As the snow recedes from the Sun Peaks valley this summer, trail builders will ascend alongside the thaw to prepare for the grand opening of the community’s newest trail system.
The vision for a purpose-built, pedal-access network on Mt. Morrisey was put into action last year to make use of the mountain’s unique elevation and topography. Sun Peaks Recreational Trail Association (SPRTA) hired the trails team from Canadian consulting firm McElhanney to survey the area and plan the trail network.
“You often forget Sun Peaks is actually three mountains — three very distinct mountains,” said Ted Morton, McElhanney’s project manager for the Morrisey network. “They have different slopes, they face different ways, and I think that’s something really cool to showcase here.”
Before ever stepping foot in the forest, the McElhanney team looked at aerial images of the area to identify potential routes with good terrain but little environmental impact.
Morton said his team looked for desirable slopes, forest density, wildlife indicators and how water features could affect soil quality. Then, they set out on foot with the local bike club to see what actually lies below the forest canopy.
“In the initial phase we tried to cover as much ground as possible on foot and on bikes,” said SPRTA president Sam Loxton. “Broadly identifying where the wet area is, where the nice forest is. And then [McElhanney] went back and did more of a fine survey to really look for the specific trail corridors and natural points of interest.”
Three initial trails were identified for the first stage of the buildout: intersecting intermediate climb and descent trails, to be opened seasonally from bottom to top, and an optional mountaintop out-and-back add-on reaching into Morrisey’s winter backcountry zone.
Since they planned for the mountaintop trail to extend outside Sun Peaks Resort LLP’s (SPR) original license of occupation, SPRTA required an environmental assessment and First Nations consultation before breaking ground.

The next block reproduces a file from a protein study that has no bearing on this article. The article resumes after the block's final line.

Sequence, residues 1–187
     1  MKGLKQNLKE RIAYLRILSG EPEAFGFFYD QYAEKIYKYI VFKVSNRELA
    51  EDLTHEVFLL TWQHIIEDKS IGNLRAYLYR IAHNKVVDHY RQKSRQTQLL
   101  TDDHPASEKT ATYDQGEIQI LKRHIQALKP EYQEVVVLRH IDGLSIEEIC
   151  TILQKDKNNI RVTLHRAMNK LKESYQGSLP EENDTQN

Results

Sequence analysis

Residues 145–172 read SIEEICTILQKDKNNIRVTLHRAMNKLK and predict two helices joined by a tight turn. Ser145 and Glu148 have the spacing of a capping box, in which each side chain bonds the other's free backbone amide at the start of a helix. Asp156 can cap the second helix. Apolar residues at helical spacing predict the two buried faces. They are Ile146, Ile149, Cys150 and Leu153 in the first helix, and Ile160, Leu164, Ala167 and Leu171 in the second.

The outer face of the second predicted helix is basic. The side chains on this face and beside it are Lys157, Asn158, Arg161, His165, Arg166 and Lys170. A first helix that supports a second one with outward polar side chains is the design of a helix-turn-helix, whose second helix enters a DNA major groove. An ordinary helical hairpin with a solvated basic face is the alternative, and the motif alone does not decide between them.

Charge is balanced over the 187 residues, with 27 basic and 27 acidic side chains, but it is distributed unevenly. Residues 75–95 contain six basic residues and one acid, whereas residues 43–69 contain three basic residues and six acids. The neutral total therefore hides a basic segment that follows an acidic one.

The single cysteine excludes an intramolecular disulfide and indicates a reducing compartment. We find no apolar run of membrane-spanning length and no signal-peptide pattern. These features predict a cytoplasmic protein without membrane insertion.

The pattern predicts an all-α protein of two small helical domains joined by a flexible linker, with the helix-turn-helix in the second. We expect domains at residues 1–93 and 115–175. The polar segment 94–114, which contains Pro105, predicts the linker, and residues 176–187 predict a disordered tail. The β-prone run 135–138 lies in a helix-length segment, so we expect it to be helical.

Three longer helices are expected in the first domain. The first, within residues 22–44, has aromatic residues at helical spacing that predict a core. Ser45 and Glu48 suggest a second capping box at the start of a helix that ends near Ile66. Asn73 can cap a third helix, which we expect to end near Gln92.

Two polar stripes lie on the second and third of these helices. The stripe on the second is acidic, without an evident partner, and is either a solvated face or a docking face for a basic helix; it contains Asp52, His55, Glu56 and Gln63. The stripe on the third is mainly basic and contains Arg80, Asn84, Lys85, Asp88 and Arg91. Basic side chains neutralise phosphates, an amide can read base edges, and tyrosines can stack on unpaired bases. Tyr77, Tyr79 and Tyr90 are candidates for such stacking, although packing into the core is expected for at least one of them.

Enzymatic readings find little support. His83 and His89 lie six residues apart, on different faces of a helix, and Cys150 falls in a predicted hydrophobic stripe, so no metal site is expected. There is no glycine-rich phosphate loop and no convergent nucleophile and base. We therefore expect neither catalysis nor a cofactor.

The project team consulted with an archaeologist, representatives from the Adams Lake Indian Band, Neskonlith Indian Band and Little Shuswap Lake Band, as well as a representative from the provincial government. Together, they explored the intended route for areas of archaeological and wildlife significance, and SPRTA got the go-ahead.
They wanted the trail to be about the same difficulty as the top of the uphill trail, so anyone making the climb could access the unique Sun Peaks valley views.
“It will be narrower and have more of an old-school technical feeling, but they’ll use a little bit of machine in there as well,” Loxton said. “That one will be open for hiking too.”
Starr Trail Solutions was hired to design and build the trail surface. Morton, who has ridden a fair share of trails as founder of the Canadian National Enduro Series, said Starr’s team is one of the best on the scene right now.
“That will be a phenomenally built trail,” Morton said. “They incorporate features like natural rises in the terrain, different types of soil and rock, and different types of corners so you’re not just riding switchback-to-switchback. They incorporate a lot of hand-building in their crew too.”
The new downhill trail uses the “three second rule,” meaning they’ve included features like small rollers, berms, shark fins and grade reversals to keep the rider engaged by having to move their bike at least every three seconds.
That same level of detail has gone into the network’s de-facto climb trail too. Morton said Kamloops riders will find it different to what they’re used to riding in town, where sparse forest often creates steep, relatively demanding switchback climbs.
“Here, that’s not what we designed. It’s lower-grade so you’re going to be travelling faster,” Morton said. “We haven’t just tried to bring you to the top for a descent — this is a journey.”
Morton said the project team has given a lot of thought to the perspective of the rider, such as where technical spots or recovery zones should be placed along the way. They also tried to keep challenging spots out of the direct sun and made the trail pass water sources regularly so dogs could cool off.
“There are running creeks with cedar bridges … There’s one spot where I’ve weaved the climbing trail through two massive old cedar trees, so you get this shaded, flowy up-track,” Morton said. “Then as you climb through the network you get into more of the Kamloops sparse forest.”
Looking ahead, SPRTA has a handful of trail projects ready to break ground next. Loxton said they hope to add more technical features to the network with an alternate blue descent and develop a new black route to explore different aspects of the mountain.
“Getting these first three trails in is kind of the foundation or the scaffolding of what could become a big network,” Loxton said. “Once you’ve got a climb trail, you just need to build more trails off the top.”
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